4. This is going to require some MATLAB M-file programming on your part. However, I've created a file that'll help...
randp.m. "randp(P)" randomly generates a value 1 through n from the discrete probability distribution defined by the vector P (type "help randp" for more info). For example, if A is a transition matrix, "randp(A(:,3))" generates a transition from state 3 according to column 3 of A. For this problem, write a function called "iterate" (use can use randp.m as a function file template) that iterates a Markov chain as described. Your function should accept arguments x0 (starting state; #4 specifies x0=1), A (transition matrix), and k (the number of iterations), and then output a vector S that counts the number of visits to each state. Hence your function would be called with a line like "S=iterate(1,A,10000)". Use the "diary on" command to record your S values, but keep the diary file content to a minimum. E-mail this output to grader Mike.
5. Just find the eigenvectors of P. I've transposed the book's matrices in m181hw4.m so that columns sum to 1, and things work like I did them in class.
6. Classify each Markov chain as regular, periodic, absorbing, or some combination thereof.
9. Okay, I lied, there is no #9 in this section. But do the following... in class, we noted that in matrix A of a regular Markov chain, eigenvalue 1 couldn't have geometric multiplicity > 1 (i.e more than one Jordan block). I got to thinking about it, and in fact, it can't even have algebraic multiplicity > 1. Suppose that eigenvalue 1 has a single Jordan block of size > 1. Use our analysis of nondiagonalizable matrices to explain why this causes problems as "time gets large" (i.e can't happen in a Markov chain).
Assignment #3 (due Tue. 2/12):
Section 2.2: 2, 3, 11, 12, 13, 14, 15
3A: For problems 11, 12 and 13 above, use MATLAB to plot a vector field (as in Figures 2.15-2.20 in the text) for each system (with and without b). Happily, I've done most of your work for you... the M-file
vecfield_old.m does most of your thinking. Copy this file into your working MATLAB directory, type "help vecfield", and follow the example provided (you can even "cut and paste" from there to the command line!). For each plot, print it out and manually "follow the lines"... trace out the approximate path of the system for one or two starting points on your plot. Attach these printouts to this homework. (MATLAB saved my plot as a 100K jpg, which is why you're not saving them as graphics and mailing them to grader Mike.)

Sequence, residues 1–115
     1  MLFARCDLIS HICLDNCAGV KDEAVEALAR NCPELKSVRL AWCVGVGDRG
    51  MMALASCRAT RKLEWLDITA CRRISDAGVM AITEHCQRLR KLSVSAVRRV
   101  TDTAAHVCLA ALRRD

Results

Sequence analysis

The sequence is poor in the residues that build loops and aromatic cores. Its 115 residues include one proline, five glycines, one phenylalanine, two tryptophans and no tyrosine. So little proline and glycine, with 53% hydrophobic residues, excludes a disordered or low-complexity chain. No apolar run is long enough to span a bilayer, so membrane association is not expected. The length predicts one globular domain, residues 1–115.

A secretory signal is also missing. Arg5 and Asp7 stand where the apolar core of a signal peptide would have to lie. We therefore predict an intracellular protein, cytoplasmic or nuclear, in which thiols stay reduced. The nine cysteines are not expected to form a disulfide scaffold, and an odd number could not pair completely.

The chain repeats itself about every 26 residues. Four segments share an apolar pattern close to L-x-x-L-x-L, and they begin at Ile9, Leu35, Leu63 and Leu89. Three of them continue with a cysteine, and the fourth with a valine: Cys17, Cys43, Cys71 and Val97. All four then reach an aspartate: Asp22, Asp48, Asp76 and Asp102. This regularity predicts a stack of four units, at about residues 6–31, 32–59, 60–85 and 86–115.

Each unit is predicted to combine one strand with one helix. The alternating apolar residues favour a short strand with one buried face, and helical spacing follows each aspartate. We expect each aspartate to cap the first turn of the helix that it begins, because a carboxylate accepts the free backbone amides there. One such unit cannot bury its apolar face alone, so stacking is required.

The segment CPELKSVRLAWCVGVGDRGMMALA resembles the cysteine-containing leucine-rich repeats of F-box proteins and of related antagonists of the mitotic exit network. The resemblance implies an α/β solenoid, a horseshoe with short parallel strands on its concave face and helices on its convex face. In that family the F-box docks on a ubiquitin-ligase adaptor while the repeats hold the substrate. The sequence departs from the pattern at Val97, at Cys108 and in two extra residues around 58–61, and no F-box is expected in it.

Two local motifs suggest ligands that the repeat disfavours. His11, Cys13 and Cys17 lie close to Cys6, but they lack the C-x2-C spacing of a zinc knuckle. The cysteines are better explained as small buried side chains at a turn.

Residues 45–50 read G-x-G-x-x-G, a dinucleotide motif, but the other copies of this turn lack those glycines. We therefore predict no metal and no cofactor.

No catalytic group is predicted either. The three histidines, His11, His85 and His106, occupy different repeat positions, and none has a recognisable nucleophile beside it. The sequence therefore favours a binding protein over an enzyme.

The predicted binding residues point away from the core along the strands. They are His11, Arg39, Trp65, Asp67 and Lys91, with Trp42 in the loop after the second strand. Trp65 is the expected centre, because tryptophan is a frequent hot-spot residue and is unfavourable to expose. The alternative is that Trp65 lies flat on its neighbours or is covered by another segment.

NOTE: The idea of this problem is to (a) experience plotting with MATLAB, and (b) start working with M-files. While I've done most of the work for you, you should still try to read and understand the code in VECFIELD.M... the more you learn now, the easier your life will be later.
Assignment #2 (due Thu. 2/7):
Section 2.1: 6
Section 2.2: 4, 5, 7, 9, 10, 16, 17, 18, 19, 20
2A: Do problem #10 in Section 1.1. You will be required to use MATLAB to solve it. (This problem is primarily to get you to find MATLAB, run it, and do something simple with it. If you have any problems, see me early so we can get them resolved.)
NOTE: For 16-20, you may use MATLAB to find eigenvalues and/or iterate the system. In general, you may always use MATLAB (or another package) to handle tedious calculations unless I specify otherwise. For this assignment, you needn't turn in any MATLAB work... just write, "MATLAB says eigenvalues are 2 & 4" (or whatever). If you do want to turn in MATLAB work, it is preferred that you e-mail it to your grader
(Michael_Gratton@hmc.edu) instead of printing it.
Assignment #1 (due Tue. 1/29):
Section 1.1: 1, 8, 9, (10)
Section 1.2: 2, 8, 11d, 13bc
Section 2.1: 1ace, (2ace), 3ade, 4ade
1A: Do parts (a), (c) and (e) of problem #2 in Section 2.1 (as indicated),
but use the graphical method shown in class. Plot y=f(x) and y=x, then trace the
evolution of the system in order to answer this question.
2A: Do problem #10 in Section 1.1. This problem will be due with the second assignment, but you will be required to use MATLAB to solve it, so I wanted to give you advanced warning. This problem is primarily to get you to find MATLAB, run it, and do something simple with it. If you are uncertain about how to access or use MATLAB, start NOW so you have plenty of time to figure it out. If you have any problems, see me early so we can get them resolved.